Reliability is the Key!
Very often experts are used in complex divorce and custody cases. These experts come into court purporting to “educate” the court about the case and the process. However, can these experts really help the situation? If you are involved in any sort of complex divorce or custody case and you have experts involved you better make sure you understand the keys to reliable testimony from these experts. Below is an excerpt from a well known psychologist who speaks to these issues. You will find the information helpful, interesting and informative.
Reasoning and methodology are keys to reliable, trustworthy expert testimony: Experts reason from data developed from reliable methods to derive their opinions. In the past few PsychologyLaw Briefs, we’ve offered two questions to test whether experts attended to reasoning problems that can infect their testimony: Did the expert actively consider reasonable alternative explanations of her data? Does the expert know the judgment biases that could infect her reasoning? The first question addresses whether experts kept their mind open to the data while forming their opinions—important because biases often function outside our awareness. Our last Brief, addressing the second question, showed how confirmation bias and overconfidence bias steer data to predetermined conclusions and opinions. Let’s look at two more biases: the availability bias, and the anchoring and adjustment bias.
Availability bias occurs when the expert is overly influenced by knowledge that comes to mind easily—information that is vivid, recently disclosed by a lawyer or in pleadings, and/or is similar to previous cases or events in which the expert has participated. For example, an expert, steeped in “diagnosing” abuse but unfamiliar with the professional literature on abuse, may uncritically view alarming allegations as similar to her previous cases—somehow, the cases, with apparent similar facts, seem alike. Or an expert having evaluated only a few abuse cases may judge the current case by comparing it to those previous cases. Not inclined towards the hard work of considering alternative explanations of the data, these experts fall prey to simple answers—overly influenced by easily recalled, familiar cognitively “available” information.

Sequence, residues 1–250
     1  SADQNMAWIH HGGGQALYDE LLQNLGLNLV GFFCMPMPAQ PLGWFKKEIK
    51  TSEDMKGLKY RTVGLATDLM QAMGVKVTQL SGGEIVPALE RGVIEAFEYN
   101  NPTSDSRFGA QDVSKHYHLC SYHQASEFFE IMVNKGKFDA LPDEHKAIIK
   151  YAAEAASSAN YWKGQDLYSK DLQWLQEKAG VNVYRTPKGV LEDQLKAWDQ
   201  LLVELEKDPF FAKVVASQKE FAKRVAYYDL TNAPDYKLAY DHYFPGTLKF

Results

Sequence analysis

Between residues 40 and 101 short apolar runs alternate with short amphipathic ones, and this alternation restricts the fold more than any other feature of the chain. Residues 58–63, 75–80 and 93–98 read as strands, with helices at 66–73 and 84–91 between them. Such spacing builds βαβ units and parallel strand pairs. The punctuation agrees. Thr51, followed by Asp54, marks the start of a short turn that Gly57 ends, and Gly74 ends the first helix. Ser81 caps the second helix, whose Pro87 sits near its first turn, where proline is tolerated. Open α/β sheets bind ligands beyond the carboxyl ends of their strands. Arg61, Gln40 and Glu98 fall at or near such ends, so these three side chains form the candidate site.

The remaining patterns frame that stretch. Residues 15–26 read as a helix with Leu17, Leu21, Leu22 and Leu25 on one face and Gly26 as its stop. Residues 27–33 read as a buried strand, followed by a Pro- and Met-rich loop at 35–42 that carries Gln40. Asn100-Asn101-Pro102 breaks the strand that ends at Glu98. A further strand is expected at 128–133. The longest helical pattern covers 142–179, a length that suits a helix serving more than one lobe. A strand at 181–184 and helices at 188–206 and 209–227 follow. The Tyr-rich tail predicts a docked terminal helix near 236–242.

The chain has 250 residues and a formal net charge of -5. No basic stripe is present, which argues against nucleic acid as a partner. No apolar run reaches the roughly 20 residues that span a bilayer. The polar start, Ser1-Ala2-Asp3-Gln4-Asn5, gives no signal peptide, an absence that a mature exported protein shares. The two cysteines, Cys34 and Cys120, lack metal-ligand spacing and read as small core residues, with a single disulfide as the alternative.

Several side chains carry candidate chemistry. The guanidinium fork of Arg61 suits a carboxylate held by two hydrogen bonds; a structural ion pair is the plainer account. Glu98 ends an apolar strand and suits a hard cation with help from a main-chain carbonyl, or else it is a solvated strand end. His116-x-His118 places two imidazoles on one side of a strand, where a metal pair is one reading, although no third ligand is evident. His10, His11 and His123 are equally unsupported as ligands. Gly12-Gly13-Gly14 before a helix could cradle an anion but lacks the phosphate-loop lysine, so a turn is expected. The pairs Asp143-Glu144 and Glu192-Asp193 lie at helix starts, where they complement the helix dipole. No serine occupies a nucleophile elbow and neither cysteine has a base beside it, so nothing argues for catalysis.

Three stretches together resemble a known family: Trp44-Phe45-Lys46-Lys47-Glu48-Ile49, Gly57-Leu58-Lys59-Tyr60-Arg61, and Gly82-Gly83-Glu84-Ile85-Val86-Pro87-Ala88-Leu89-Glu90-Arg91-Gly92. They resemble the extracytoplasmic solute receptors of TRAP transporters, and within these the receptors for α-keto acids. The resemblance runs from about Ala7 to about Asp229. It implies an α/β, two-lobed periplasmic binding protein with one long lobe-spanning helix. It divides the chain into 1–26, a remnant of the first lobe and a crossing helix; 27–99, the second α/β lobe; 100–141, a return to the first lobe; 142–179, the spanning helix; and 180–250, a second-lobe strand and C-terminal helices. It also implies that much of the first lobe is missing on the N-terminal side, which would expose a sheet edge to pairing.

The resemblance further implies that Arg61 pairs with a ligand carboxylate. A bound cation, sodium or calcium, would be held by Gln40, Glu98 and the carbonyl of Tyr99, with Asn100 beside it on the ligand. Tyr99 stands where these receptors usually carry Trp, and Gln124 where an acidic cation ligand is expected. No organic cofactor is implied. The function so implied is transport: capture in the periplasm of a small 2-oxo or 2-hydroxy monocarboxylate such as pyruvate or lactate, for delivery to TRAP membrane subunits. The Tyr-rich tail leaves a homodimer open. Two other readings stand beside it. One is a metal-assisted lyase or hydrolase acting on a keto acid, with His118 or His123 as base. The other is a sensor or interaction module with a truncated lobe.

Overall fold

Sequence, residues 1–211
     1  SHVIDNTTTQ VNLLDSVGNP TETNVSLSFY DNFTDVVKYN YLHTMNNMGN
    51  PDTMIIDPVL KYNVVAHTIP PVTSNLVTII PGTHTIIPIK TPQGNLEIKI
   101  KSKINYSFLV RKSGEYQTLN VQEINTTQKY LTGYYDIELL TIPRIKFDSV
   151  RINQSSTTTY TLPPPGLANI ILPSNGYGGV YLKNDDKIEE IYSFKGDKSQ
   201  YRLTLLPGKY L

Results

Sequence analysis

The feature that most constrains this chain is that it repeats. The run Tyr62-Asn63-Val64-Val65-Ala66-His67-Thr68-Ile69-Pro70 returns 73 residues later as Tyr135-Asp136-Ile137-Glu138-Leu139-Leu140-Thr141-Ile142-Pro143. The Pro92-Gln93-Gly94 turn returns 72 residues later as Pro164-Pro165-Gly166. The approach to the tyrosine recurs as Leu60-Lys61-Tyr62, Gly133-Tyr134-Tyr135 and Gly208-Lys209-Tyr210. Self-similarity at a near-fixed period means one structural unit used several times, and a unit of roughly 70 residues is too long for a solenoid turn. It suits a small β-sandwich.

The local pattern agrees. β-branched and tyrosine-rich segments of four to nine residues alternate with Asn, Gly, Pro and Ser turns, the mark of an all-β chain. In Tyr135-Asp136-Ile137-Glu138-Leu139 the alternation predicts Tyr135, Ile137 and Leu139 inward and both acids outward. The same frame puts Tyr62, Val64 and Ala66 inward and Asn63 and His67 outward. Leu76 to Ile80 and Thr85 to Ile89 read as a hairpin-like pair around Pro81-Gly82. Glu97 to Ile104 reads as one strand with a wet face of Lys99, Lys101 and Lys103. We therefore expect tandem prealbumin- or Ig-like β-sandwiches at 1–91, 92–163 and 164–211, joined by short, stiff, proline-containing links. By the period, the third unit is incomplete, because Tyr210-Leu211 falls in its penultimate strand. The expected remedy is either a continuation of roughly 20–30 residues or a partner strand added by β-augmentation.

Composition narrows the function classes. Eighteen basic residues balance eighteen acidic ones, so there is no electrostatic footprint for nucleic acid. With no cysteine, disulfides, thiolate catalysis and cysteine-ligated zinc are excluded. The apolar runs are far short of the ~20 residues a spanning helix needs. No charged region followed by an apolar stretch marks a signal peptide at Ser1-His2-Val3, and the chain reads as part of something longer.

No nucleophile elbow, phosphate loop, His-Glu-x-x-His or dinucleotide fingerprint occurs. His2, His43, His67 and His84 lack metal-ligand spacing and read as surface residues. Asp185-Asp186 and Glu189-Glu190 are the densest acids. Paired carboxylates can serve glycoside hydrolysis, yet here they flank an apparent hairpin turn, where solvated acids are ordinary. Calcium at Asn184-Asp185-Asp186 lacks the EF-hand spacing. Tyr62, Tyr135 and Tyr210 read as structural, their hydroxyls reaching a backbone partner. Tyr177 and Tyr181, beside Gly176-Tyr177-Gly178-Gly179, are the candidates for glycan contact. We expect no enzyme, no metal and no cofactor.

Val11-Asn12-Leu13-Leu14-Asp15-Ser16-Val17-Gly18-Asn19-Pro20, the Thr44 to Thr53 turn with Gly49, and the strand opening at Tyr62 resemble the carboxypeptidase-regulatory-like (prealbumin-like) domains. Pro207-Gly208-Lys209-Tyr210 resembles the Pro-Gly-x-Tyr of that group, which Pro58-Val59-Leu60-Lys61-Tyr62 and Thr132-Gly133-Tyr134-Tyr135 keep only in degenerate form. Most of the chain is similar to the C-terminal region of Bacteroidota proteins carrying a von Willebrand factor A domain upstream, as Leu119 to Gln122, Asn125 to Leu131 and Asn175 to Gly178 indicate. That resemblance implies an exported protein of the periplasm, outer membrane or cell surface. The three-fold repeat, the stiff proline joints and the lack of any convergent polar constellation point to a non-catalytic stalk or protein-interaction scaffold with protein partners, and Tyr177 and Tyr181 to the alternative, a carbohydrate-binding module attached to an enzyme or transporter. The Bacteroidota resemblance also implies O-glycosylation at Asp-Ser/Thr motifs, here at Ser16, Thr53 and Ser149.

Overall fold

Anchoring and adjustment, a related bias, occurs when the expert latches onto a particular explanation of the data, and that explanation then becomes the “anchor” from which subsequent data will be interpreted—like a salesman beginning with a high offer to “anchor” the bargaining. Subsequent give-and-take may adjust the anchor, but not by much. For example, one study showed a bias among clinicians to minimize or dismiss data of a patient that indicated emotional problems when that patient was seen initially as less disturbed. In your case, did the expert use key information about the litigants received early from the lawyers or pleadings to anchor her judgments of the litigants? To counter this tendency, experts must actively consider reasonable alternative explanations of data that they consider while developing their opinions.
Availability bias? Anchoring and adjustment bias? As with other biases, challenge experts—on direct or cross—to define the biases and then to explain how they kept the biases from infecting their opinions.
References: John A. Zervopoulos, Confronting Mental Health Evidence 74–77 (2008).
Brief Quote: “This [Daubert] gatekeeper function requires the judge to assess the reasoning and methodology underlying the expert’s opinion. . . .” Goebel v. Denver and Rio Grande Western R.R. Co., 215 F.3d 1083, 1087 (10th Cir. 2000).
John A. Zervopoulos, Ph.D., J.D., ABPP is a board certified forensic psychologist and lawyer who directs PsychologyLaw Partners, a forensic consulting service. Dr. Zervopoulos—combining the psychological and legal perspectives—assists lawyers to organize, critique, and use psychology-related materials and evidence in their cases. He also authored Confronting Mental Health Evidence: A Practical Guide to Reliability and Experts in Family Law, published in 2008 by the ABA. Dr. Zervopoulos is online at www.psychologylawpartners.com and can be contacted at email@example.com or at 972-458-8007.
If you have questions about experts in your case then contact us at 505-880-8737.